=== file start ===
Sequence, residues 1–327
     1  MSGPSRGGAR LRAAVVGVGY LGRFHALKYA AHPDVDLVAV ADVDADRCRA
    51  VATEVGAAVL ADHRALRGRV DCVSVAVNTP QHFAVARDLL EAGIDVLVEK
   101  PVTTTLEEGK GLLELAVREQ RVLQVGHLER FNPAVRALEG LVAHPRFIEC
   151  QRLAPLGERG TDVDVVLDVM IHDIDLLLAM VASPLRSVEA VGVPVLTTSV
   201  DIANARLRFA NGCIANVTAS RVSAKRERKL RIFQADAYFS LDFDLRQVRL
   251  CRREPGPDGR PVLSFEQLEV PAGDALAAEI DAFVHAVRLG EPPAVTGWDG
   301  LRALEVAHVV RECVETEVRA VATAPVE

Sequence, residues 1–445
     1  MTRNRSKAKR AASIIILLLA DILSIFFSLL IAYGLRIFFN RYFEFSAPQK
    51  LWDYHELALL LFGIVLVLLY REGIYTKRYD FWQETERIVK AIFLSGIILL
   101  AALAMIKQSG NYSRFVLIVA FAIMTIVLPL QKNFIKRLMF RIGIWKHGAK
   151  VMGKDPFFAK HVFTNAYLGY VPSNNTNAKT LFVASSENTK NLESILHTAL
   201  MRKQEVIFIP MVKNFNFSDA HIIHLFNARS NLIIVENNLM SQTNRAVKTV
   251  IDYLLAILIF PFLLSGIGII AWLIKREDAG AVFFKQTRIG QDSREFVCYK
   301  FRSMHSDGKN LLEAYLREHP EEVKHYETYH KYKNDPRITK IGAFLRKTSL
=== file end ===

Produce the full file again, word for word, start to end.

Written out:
Sequence, residues 1–327
     1  MSGPSRGGAR LRAAVVGVGY LGRFHALKYA AHPDVDLVAV ADVDADRCRA
    51  VATEVGAAVL ADHRALRGRV DCVSVAVNTP QHFAVARDLL EAGIDVLVEK
   101  PVTTTLEEGK GLLELAVREQ RVLQVGHLER FNPAVRALEG LVAHPRFIEC
   151  QRLAPLGERG TDVDVVLDVM IHDIDLLLAM VASPLRSVEA VGVPVLTTSV
   201  DIANARLRFA NGCIANVTAS RVSAKRERKL RIFQADAYFS LDFDLRQVRL
   251  CRREPGPDGR PVLSFEQLEV PAGDALAAEI DAFVHAVRLG EPPAVTGWDG
   301  LRALEVAHVV RECVETEVRA VATAPVE

Sequence, residues 1–445
     1  MTRNRSKAKR AASIIILLLA DILSIFFSLL IAYGLRIFFN RYFEFSAPQK
    51  LWDYHELALL LFGIVLVLLY REGIYTKRYD FWQETERIVK AIFLSGIILL
   101  AALAMIKQSG NYSRFVLIVA FAIMTIVLPL QKNFIKRLMF RIGIWKHGAK
   151  VMGKDPFFAK HVFTNAYLGY VPSNNTNAKT LFVASSENTK NLESILHTAL
   201  MRKQEVIFIP MVKNFNFSDA HIIHLFNARS NLIIVENNLM SQTNRAVKTV
   251  IDYLLAILIF PFLLSGIGII AWLIKREDAG AVFFKQTRIG QDSREFVCYK
   301  FRSMHSDGKN LLEAYLREHP EEVKHYETYH KYKNDPRITK IGAFLRKTSL